Secret Creek Sanctuary Project Update

The Mountain Pygmy Possum Breeding Centre has officially opened with the first family of possums including four new babies taking up residence.

Part of a $1.3 million development at Lithgow’s Secret Creek Sanctuary from the Bushfire Local Economic Recovery (BLER) Fund this is the first of multiple projects at the venue to be completed.

Originating from the Victorian Alps, the 14 possums are thriving in the new habitat created and they’ve now had 4 possum babies since moving in.

The breeding centre comprises of thermally stable outdoor and indoor enclosures with insulated rock walls and nest boxes deep inside. The breeding centre is complete with a research & observation room, office area, quarantine rooms, storage room and food preparation area.

Member for Bathurst Paul Toole met with the Secret Creek’s team to officially open the centre.

“The Breeding Centre will help endangered species like the Mountain Pygmy Possum return to their previous population numbers,” he said.

“This is an important step in securing the future of the species and returning normality to our delicate ecosystem.”

Mr Toole said the planned wildlife rescue and rehabilitation hospital will be a great addition to the breeding centre and will provide a venue for the rescue, rehabilitation and release of native animals, with the 1000-acre Newnes Plateau serving as a release site.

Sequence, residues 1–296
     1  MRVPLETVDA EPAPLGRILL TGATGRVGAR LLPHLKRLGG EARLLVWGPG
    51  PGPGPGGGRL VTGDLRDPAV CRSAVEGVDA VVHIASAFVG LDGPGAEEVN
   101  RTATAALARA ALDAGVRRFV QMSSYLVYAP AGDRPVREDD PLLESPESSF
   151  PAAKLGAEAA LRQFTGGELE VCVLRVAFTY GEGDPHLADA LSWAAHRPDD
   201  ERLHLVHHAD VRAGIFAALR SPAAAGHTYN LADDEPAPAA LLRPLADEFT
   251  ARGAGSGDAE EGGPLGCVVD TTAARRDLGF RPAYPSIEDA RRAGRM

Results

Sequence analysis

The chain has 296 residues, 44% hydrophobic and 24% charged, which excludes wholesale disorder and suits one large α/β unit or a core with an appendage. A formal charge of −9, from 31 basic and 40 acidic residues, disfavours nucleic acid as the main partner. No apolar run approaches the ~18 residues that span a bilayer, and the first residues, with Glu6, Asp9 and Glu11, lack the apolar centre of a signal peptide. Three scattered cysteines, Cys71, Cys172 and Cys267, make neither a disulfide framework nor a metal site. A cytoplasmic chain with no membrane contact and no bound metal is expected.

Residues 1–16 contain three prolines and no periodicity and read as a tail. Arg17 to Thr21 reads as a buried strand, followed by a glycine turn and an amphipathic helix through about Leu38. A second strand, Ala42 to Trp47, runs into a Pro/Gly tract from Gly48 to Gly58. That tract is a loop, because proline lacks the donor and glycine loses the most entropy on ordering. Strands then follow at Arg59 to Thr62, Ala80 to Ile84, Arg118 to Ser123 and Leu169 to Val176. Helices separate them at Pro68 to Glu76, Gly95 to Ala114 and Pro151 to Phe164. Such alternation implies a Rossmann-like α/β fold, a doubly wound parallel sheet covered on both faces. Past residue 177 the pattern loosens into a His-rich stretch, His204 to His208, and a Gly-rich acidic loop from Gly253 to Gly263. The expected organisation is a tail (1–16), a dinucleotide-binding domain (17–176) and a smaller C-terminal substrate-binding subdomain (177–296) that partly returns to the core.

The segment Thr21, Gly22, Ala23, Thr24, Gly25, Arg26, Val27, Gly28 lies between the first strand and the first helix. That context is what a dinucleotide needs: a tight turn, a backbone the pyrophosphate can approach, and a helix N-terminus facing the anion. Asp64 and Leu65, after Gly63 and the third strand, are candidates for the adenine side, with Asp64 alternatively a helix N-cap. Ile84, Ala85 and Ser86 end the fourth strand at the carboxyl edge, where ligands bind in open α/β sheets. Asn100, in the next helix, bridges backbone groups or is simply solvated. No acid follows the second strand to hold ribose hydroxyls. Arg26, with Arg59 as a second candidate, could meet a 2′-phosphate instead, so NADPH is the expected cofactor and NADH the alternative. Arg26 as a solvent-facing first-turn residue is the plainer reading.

“Funding for the projects at the Secret Creek Sanctuary are part of the recovery journey of the Lithgow region following the bushfires and helps us to continue repairing the social and economic fabric of our local community,” he said.

In operation since 2001 and with a vegan café established on site, Secret Creek Sanctuary is shaping up to be Lithgow’s next popular tourist attraction. The facility is also playing an integral role in saving endangered native species, especially since the disastrous 2019/2020 bushfire season.

Founder and owner for Secret Creek Sanctuary Trevor Evans said the breeding facility is a big step forward for the sanctuary and the possum breed.

“This facility has been decades in the making with a lot of research and hard work to get to us to where we stand today,” said Mr Evans.

“Next on the agenda is to complete construction of a Wildlife Hospital and Rehabilitation Centre, Cultural and Visitor Centre plus restoring the 1.2 km Sanctuary walking track, which was destroyed in the 2019/2020 bushfires.”

Leave a Reply

Your email address will not be published. Required fields are marked *

Related Posts